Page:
Converting from NAS back to DAS: Question about process

So, do I just do a straight copy of one of the RAID 1 Synology NAS drives to the DAS drive then keep the Synology NAS drive just for backup?

I have 2988 music folders which given the way I have it set up means I have 2988 folders arranged by artist (composer in classical). These take up ~3.6TB of space.

This copy process will take a very long time. I could also just take a drive out of the NAS (which if I understand the way NAS means it won’t work, but maybe one of you smart folks know a way to make it happen).

My feeling is that the ideal system/backup would be having my music on a single DAS (probably a 5 or 6TB) or on two 4TB with classical and jazz on one and all others on the other. I would then have two full backups at home, one of which would be regularly (weekly?) taken to another geographic location and traded with a different HD


Hi Wes,

Read through this and see if it helps.

Cheers, Greg

Regarding the copy process, I’d recommend (if that is not already your plan) to connect the DAS directly to your current NAS. This way you don’t have to bother about your network connection speed.

You could also take a look at Resilio (previously called Bittorrent Sync). It is a free sync tool and could be used to keep your files on your Synology in sync with your DAS (even when you are on a different location).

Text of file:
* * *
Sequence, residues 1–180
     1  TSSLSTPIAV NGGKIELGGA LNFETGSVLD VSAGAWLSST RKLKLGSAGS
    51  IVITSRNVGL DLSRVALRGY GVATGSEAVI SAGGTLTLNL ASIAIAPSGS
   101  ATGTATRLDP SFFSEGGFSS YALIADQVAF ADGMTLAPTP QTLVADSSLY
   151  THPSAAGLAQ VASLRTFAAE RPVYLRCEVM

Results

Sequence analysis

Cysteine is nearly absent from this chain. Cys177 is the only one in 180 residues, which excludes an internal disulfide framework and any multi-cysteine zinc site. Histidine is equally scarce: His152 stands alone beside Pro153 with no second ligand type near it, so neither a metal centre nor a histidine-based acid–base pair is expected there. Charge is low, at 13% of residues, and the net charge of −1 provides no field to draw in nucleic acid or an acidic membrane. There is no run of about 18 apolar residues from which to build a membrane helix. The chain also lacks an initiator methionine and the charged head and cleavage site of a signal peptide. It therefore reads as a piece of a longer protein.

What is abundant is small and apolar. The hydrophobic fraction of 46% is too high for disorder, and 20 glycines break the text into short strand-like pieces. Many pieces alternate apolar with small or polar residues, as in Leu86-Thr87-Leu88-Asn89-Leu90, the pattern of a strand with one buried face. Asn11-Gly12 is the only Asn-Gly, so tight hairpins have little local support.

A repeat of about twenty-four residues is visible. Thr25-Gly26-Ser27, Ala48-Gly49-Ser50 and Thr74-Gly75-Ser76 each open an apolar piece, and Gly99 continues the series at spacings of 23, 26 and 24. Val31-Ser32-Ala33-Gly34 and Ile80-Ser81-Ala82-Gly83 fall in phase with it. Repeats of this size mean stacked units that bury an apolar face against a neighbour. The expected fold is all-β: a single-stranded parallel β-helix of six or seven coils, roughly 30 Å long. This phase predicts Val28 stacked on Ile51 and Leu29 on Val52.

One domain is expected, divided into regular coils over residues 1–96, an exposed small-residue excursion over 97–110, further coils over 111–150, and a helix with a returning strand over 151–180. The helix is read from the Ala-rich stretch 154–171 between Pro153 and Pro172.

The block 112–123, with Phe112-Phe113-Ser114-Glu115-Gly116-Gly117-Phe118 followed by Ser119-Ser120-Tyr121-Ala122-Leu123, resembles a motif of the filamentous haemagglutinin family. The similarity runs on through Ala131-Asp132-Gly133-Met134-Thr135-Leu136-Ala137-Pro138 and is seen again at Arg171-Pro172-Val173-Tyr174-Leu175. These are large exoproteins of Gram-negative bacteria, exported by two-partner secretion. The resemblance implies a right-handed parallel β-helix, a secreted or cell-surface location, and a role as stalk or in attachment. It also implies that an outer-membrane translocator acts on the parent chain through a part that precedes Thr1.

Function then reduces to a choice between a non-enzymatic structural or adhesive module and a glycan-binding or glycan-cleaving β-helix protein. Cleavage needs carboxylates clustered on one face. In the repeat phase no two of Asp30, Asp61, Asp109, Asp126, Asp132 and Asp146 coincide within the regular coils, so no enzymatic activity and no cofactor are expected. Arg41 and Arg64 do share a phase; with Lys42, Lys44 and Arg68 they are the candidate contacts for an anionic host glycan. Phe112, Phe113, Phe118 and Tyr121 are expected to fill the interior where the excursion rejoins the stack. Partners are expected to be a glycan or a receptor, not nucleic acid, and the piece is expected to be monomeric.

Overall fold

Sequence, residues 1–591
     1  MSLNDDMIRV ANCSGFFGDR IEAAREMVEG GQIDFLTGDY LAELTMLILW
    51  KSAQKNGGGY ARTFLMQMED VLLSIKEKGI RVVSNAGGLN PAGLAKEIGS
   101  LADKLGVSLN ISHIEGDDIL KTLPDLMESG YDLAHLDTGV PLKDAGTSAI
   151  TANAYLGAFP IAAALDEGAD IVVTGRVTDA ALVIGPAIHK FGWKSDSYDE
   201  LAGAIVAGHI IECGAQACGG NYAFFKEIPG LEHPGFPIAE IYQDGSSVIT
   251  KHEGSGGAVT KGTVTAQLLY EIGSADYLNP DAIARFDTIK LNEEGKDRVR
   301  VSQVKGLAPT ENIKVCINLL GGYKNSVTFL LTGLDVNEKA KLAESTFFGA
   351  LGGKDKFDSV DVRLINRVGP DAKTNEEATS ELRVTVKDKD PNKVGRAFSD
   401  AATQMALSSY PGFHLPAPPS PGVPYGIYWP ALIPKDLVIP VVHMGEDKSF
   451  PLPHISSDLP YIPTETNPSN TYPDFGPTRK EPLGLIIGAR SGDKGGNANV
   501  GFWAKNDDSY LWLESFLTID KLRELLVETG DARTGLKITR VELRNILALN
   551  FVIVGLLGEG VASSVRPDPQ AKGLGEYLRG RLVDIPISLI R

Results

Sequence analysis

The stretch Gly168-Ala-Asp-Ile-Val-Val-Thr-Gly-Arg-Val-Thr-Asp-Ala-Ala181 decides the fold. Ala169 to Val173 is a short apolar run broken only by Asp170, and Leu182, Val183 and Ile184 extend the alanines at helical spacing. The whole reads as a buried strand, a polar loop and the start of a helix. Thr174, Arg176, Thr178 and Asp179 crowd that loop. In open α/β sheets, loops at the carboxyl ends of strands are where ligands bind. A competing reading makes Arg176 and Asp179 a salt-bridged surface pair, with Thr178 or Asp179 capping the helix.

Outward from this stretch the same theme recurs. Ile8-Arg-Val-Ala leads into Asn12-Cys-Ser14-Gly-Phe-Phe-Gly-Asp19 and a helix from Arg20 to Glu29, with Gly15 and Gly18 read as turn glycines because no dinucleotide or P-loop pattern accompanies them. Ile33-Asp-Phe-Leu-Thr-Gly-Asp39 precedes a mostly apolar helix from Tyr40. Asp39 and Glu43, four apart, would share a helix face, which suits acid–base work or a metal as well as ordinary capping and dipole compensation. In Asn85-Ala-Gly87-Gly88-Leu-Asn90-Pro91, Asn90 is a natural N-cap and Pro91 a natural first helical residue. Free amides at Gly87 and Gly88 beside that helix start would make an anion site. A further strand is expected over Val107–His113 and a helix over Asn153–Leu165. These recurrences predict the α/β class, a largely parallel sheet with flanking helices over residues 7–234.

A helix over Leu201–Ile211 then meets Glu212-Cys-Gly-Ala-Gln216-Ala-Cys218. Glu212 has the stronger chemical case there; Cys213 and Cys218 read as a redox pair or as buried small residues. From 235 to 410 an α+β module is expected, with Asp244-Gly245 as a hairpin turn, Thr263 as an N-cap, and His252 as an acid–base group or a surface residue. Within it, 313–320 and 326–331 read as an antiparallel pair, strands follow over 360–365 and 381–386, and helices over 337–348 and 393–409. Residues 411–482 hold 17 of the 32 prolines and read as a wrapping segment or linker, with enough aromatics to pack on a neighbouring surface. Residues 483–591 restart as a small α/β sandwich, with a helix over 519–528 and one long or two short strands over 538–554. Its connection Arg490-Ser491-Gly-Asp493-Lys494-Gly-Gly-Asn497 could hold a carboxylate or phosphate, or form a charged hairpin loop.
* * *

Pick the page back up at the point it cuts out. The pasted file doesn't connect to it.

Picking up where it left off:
I appreciate both replies. Thank you very much. Sadly, now I am really confused.

To Mr. Rieke: I am not at all worried about my network speed. First, it is quite fast and second, I have too much spare time as it is. I am concerned over the fact that the little spinner in Roon kept going for over a year and never picked up anything on my NAS. Just doing a direct copy from the NAS to a regular HD seems like it might take forever. Still, it will have to be done somehow, unless I can just take one of the hard drives out of the NAS and use it. If I can’t, then I will definitely look into using Resilio. Thanks for your help.

To Mr. Stratton: The item you sent me introduced these questions.

  1. “Roon has always been designed to track each file (and its associated edits) no matter what.” Except, it isn’t tracking anything on my NAS and that’s where all my music is. Except for a few pieces that Roon grabbed and moved to my Music->roon folder.